Plot: What’s it about?
After she suffered mortal wounds in battle, Elektra (Jennifer Garner) died. But her story doesn’t there, as her master Stick (Terrence Stamp) used an ancient power to revive her, bringing her back from the dead. Afterwards, she resumed her training and soon became much more skilled, with more power, more speed, and more mental awareness. Not as much as she’d like, but enough to allow her to stand out from her fellow trainees. But Stick sees anger within her, related to her death and the circumstances involved. So he sends her out of the training and into the world, to rediscover her old self. She turns to assassin work, which she does without hesitation and never fails to complete an assignment. But when her latest target is a young girl and her father, she has doubts and soon learns an evil organization is after them also. So she protects them and learns that if they fall into evil hands, it could spell certain doom. Can Elektra put her own inner demons aside and overcome her psyche, or will evil be able to prevail?
After the negative reaction to Daredevil, a sequel seemed out the question and while no sequel has been announced as of yet, we do have this spin off, Elektra. Jennifer Garner (13 Going on 30, Tv’s Alias) returns in the title role and of course, a better choice would be hard to find. Garner has experience as a femme fatale from Alias, so she slips into this role with ease. She has a likable presence, but can turn cold in a heartbeat, like as cold as ice. So she was a natural to bring Elektra to life and delivers a solid performance, given the mediocre material. No, Elektra isn’t all that well written and some great moments are wasted, including a total waste of one of the comic’s coolest villains, Typhoid Mary. The action scenes are basic, but enjoyable, while the special effects go over the top time and again. But you expect that with a movie like Elektra and for a popcorn movie, I had a lot of fun with this one. The pace could have been quicker and the action kicked up a notch, but Garner is on her game and the movie skates past. Not a great movie or even a good one, but a passable diversion and a worthwhile rental.
Fox revisits Elektra here with a two disc edition that includes not only a host of new supplements, but a director’s cut of the film itself. If you expected a director’s cut that changed the scope and depth of the movie, you will be sorely disappointed here. There is about two minutes of new footage put back into the movie, none of which has much of an impact. A little more information here and there, but its two minutes and it would have to be a crucial two minutes to make a real difference. I think Fox just tagged the director’s cut label on this release to pull in more viewers a second time. I wish I had more to comment on with this new version, but Elektra is still the same, even in this director’s cut.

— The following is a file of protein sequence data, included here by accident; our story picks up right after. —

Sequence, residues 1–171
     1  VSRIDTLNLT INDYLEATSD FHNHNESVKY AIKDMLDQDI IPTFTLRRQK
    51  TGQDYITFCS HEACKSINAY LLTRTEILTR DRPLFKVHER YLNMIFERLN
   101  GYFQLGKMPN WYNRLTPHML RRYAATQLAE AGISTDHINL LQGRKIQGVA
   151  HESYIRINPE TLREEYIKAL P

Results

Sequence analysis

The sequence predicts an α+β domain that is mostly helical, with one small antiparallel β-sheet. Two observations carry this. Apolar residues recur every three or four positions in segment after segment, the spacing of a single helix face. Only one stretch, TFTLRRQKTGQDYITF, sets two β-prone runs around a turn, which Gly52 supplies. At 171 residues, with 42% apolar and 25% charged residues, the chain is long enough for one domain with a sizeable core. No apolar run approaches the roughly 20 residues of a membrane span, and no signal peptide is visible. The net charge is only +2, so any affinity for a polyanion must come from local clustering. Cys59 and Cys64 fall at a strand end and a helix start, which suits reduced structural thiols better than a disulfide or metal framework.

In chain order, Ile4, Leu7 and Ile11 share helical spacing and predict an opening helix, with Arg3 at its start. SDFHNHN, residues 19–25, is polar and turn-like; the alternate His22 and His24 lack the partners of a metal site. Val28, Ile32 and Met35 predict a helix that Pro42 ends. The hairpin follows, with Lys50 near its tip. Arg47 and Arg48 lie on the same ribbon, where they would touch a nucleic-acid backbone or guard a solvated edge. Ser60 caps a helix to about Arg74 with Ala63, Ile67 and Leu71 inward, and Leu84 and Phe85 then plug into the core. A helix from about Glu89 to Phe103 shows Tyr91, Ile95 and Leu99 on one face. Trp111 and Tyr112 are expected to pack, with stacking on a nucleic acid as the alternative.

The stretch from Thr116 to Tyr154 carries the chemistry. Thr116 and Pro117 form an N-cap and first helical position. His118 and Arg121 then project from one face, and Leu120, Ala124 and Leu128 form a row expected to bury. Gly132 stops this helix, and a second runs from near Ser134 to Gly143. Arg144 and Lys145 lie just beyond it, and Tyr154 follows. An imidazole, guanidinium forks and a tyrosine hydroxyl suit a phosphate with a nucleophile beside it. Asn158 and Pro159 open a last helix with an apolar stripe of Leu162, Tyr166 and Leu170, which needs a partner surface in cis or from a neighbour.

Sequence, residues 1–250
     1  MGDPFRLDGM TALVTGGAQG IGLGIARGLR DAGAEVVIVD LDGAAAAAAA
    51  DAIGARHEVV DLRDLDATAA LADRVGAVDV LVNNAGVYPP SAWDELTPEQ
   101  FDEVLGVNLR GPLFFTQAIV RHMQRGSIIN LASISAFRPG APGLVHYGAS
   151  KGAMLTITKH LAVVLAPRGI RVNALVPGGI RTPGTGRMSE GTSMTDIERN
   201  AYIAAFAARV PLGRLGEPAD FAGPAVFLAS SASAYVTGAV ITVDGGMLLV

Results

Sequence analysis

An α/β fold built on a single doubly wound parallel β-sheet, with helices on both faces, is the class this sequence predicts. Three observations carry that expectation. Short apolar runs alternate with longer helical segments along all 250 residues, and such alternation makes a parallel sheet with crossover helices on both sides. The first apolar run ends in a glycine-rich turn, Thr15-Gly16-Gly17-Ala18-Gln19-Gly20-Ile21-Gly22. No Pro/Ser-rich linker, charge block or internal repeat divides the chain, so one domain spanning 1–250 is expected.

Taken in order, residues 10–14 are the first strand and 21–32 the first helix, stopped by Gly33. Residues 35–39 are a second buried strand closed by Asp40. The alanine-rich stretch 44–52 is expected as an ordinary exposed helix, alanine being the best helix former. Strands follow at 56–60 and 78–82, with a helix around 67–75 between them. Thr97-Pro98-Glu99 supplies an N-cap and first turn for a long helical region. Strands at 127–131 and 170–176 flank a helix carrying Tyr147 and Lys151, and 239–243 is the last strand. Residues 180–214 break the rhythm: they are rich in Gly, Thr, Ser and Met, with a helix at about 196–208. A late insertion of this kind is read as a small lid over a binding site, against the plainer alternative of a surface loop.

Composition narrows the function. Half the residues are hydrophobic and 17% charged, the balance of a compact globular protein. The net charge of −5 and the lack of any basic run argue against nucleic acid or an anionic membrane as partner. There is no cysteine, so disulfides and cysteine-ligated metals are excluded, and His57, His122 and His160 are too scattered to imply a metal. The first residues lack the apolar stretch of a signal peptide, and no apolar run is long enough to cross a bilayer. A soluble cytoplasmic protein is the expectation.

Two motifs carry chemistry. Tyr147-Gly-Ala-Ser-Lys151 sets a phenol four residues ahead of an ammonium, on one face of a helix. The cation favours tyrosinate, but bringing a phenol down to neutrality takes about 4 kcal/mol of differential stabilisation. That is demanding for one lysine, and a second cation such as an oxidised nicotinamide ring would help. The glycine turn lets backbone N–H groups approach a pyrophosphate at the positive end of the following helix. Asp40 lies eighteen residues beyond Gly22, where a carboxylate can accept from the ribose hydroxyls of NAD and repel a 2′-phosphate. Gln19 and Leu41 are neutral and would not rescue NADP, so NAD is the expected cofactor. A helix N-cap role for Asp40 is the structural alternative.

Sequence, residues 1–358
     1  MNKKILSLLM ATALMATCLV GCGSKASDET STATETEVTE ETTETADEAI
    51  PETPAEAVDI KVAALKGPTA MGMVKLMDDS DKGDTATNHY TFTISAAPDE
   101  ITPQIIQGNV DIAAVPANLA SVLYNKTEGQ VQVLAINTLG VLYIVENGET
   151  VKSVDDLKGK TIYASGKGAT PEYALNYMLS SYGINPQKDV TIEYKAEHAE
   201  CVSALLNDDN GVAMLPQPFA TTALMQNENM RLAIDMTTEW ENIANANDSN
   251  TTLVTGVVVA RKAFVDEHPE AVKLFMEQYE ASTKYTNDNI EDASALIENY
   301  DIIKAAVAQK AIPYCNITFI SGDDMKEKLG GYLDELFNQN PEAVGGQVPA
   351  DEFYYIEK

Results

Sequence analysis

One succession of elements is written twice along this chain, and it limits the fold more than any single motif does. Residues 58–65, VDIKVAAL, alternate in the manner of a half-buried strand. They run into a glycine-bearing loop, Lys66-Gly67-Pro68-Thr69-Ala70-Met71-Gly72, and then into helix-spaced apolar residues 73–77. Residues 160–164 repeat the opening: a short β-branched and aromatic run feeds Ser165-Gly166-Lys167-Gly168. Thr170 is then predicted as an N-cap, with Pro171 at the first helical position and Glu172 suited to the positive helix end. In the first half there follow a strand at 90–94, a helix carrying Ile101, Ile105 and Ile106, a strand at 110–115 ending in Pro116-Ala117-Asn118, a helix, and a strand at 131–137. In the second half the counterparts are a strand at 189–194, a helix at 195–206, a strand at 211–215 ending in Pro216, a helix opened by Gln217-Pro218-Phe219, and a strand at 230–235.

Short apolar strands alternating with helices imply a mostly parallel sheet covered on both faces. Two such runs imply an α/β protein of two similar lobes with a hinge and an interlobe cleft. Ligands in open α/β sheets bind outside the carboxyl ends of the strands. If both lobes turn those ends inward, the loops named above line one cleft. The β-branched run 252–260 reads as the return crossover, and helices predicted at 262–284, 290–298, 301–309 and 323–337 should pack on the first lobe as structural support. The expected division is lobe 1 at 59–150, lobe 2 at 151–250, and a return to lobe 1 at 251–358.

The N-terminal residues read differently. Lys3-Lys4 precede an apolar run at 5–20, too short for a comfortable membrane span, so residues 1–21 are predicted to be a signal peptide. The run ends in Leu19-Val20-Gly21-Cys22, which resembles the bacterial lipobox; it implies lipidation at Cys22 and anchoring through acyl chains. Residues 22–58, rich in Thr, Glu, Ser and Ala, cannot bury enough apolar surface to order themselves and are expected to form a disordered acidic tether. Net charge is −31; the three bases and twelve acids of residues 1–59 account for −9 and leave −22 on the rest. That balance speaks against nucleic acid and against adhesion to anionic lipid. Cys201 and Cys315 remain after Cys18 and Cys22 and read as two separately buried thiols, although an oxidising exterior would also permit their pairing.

Video: How does it look?
Elektra is presented in 2.35:1 anamorphic widescreen. As this is a visually complex picture, I had some doubts about this transfer, but those worries were unfounded, as the image provided here looks terrific in all respects. I did see some grain, but it is light and never an issue, while the source print is in fantastic condition, as expected from such a new release. The red hues dominate the scope here, but all the colors look in top form and I saw no bleeds or such, even when the reds hit maximum richness in some scenes. The contrast is also very important here and true to form, the black levels are stark and well balanced, so shadows and detail levels are dead on throughout. This is not a perfect visual presentation, but for a movie that uses a lot of visual tricks, this is a terrific treatment.
Audio: How does it sound?
The Dolby Digital 5.1 track is the inferior of the soundtracks found here, but fear not, as it still sounds terrific. But as good as it sounds, the track falters when stacked up against the brand new DTS option. This new track opens up the material, which means action scenes are more explosive, while even reserved sequences have more presence. The small touches, the kind of subtle details that add to the atmosphere, which can make the experience more immersive, all come across well here. I was blown away by some of the more audio intensive sequences, so fans are in for a real treat here. This disc also includes subtitles in English and Spanish.
Supplements: What are the extras?
If you want a look behind the scenes, you’ll find it here in the two part documentary titled Relentless, which examines the production from conception to completion. Relentless takes us inside the creative process, from how the story would be approached to the casting decisions, to visual design, special effects, you name it and you’ll probably get at least a glimpse in this piece. A host of cast and crew interviews provide candid comments, so this isn’t the usual promotional fluff. Perhaps not an in depth as I would like, but a lot of ground is covered, so you have to expect some sacrifices. Rob Bowman provides his director’s comments in an alternate audio track, joined by editor Kevin Stitt. The two spend a lot of time promoting the movie and the cast, so this is a very slap on the back kind of session. A few decent comments can be found between ass kissing moments, but not enough to make this track tolerable. This release also includes storyboards, a look at the mythology in the film, deleted & alternate scenes, and the film’s teaser & theatrical trailers.